Conservative writer Philip Klein, who seems very nice, complains that liberals are being far too mean about the latest conservative attempt to gut Obamacare. “Liberal critics of this legal theory have portrayed it as absurd, ridiculous, nutty, stupid, and even criminal,” he writes. “Recently, I’ve been likened to the health policy equivalent of a World Trade Center attack conspiracy theorist merely for sympathetically reporting the legal case of the challengers.”
Not exactly. Klein is conflating two different things here. First, there’s the Halbig lawsuit, which hinges upon a strained, somewhat-exotic reading of the law to argue that the Affordable Care Act fails to create tax credits for people who buy their insurance through a federal exchange. The basis of this lawsuit is that the most explicit reference in the law mentions only state exchanges, and therefore courts ought to ignore all the other, less explicit parts of the law implying the opposite.
This is the case conservatives made for several years — Congress hastily failed to write a clear law, so conservative legal activists can take advantage of the screwup to interpret what (they argue, tendentiously but not insanely) is its literal reading. As the right-wing Investor’s Business Daily, an early booster of this once-long-shot legal challenge, gleefully put it in 2011, “Oops! No Obamacare Tax Credit for You!” I’m sorry, the card says “Moops.” I find this argument highly, highly unpersuasive. It’s been laughed out of court by Democratic-appointed judges, and rejected by at least one Republican judge. I will say this for it — it is at least tenuously connected to reality.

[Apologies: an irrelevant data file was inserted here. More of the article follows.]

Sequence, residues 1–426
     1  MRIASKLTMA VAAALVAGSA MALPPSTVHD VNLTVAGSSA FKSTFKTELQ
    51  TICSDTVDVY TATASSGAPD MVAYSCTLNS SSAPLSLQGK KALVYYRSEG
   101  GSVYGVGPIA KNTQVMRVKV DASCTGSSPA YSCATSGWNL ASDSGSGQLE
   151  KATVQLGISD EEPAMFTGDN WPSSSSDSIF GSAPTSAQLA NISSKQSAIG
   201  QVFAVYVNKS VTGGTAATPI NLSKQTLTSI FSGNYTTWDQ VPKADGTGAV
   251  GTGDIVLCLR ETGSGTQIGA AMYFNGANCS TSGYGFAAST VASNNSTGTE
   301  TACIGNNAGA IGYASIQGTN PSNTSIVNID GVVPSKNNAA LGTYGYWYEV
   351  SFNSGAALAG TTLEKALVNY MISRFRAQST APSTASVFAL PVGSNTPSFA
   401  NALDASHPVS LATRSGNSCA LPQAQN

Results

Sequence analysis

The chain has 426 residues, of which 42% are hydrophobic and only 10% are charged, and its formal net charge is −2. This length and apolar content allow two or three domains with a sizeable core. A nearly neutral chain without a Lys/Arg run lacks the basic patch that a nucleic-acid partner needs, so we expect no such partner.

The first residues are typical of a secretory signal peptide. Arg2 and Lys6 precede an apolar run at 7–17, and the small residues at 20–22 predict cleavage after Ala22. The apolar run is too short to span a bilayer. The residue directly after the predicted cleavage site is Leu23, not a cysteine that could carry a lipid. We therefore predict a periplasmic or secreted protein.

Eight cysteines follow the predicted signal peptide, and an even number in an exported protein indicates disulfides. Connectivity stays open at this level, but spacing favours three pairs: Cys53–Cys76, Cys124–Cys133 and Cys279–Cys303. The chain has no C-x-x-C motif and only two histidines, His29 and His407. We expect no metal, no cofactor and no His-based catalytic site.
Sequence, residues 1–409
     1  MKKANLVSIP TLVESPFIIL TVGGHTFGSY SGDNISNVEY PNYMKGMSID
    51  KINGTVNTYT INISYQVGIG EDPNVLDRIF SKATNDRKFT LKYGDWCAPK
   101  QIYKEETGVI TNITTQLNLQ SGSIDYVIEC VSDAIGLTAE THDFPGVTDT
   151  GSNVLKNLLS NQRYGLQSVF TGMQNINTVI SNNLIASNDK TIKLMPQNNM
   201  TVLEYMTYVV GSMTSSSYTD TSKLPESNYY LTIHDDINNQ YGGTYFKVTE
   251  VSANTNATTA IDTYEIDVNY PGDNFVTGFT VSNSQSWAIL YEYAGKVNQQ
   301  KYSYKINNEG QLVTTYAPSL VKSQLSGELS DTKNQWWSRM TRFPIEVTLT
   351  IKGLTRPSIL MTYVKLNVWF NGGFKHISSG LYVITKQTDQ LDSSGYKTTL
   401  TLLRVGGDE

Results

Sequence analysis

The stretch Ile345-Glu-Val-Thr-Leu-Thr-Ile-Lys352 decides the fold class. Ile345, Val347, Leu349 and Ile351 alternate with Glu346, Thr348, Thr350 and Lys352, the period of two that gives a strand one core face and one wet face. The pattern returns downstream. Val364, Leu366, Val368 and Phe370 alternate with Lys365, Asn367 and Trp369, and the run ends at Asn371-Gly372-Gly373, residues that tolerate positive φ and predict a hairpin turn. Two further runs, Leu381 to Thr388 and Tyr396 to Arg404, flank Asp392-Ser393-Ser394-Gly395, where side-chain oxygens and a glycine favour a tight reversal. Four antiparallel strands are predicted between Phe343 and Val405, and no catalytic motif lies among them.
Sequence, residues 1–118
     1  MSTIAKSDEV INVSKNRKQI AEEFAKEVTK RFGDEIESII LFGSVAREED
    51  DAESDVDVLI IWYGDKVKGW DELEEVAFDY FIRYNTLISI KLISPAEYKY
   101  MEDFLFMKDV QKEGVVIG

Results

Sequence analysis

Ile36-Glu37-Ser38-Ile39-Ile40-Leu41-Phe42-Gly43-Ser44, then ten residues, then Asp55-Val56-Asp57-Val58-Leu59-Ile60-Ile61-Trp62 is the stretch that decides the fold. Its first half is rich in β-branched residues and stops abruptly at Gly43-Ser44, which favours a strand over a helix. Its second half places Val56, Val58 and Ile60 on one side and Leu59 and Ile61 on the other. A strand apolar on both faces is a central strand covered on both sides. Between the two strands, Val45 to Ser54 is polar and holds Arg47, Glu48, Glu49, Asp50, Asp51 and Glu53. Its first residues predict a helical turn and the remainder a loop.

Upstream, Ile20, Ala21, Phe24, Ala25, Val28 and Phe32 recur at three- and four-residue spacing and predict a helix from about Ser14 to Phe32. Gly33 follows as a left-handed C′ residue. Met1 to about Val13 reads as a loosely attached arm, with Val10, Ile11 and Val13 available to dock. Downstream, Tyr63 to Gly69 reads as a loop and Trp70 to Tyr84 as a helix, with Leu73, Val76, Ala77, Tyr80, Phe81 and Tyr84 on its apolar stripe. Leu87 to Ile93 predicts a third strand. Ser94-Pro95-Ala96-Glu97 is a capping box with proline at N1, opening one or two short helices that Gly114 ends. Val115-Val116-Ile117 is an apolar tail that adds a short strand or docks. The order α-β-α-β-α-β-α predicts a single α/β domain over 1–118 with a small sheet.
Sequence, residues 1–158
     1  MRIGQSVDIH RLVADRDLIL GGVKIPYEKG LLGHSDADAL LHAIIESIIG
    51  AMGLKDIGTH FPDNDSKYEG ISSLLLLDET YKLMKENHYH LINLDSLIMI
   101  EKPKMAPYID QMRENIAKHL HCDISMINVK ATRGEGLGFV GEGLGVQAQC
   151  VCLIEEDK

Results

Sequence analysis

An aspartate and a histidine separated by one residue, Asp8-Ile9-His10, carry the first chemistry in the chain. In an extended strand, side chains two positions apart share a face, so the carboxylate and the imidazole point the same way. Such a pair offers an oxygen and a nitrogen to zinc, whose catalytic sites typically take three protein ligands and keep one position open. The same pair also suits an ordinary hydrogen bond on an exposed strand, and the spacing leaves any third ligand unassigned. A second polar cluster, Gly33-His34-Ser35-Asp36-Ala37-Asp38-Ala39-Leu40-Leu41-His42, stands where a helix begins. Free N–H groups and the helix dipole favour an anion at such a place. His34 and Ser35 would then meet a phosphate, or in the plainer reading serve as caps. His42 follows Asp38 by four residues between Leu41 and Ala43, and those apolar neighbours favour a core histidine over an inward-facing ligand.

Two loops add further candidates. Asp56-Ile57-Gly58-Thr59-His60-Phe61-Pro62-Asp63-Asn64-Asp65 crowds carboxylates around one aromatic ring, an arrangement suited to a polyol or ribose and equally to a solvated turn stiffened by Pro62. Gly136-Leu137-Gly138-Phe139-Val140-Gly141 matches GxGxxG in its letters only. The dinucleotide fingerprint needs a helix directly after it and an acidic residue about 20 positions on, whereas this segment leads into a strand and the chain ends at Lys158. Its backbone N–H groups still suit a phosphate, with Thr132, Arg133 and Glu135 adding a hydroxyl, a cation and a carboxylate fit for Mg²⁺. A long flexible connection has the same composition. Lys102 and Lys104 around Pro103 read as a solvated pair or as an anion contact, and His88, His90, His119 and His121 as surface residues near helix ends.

But now conservatives are making a different argument. They’re no longer saying that the lawsuit is exploiting a drafting error. They’re claiming it interprets the law correctly, and that the law actually (or possibly) intended to deny tax credits to people in federal exchanges. They have gone from smugly saying the card says “Moops” to insisting that the people who invaded Spain in the eighth century were actually called “the Moops.”
And yes, that is completely insane. There is a massive trove of evidence here regarding the intent of the law’s drafters. Dylan Scott has the latest chunk today — a deep excavation of the role of the Congressional Budget Office, which was a kind of legislative super-body regarded as authoritative by Congress. The CBO, like everybody involved in the law’s passage, believed the federal exchanges were designed to give health insurance to people in states that did not build their own. They were not designed as a deliberately unworkable punishment.
Yes, some smart people, speaking extemporaneously, were sometimes confused about just how the law worked. (Conservatives have made a great deal about off-the-cuff comments made by Jonathan Cohn before the law was actually finalized.) That doesn’t change the fact that the federal exchanges were obviously designed to give people affordable insurance. It may be mean to point out that those who argue otherwise are completely, manifestly ahistorical, but that’s just reality. If you don’t want to be called ridiculous and nutty, stop saying ridiculous, nutty things.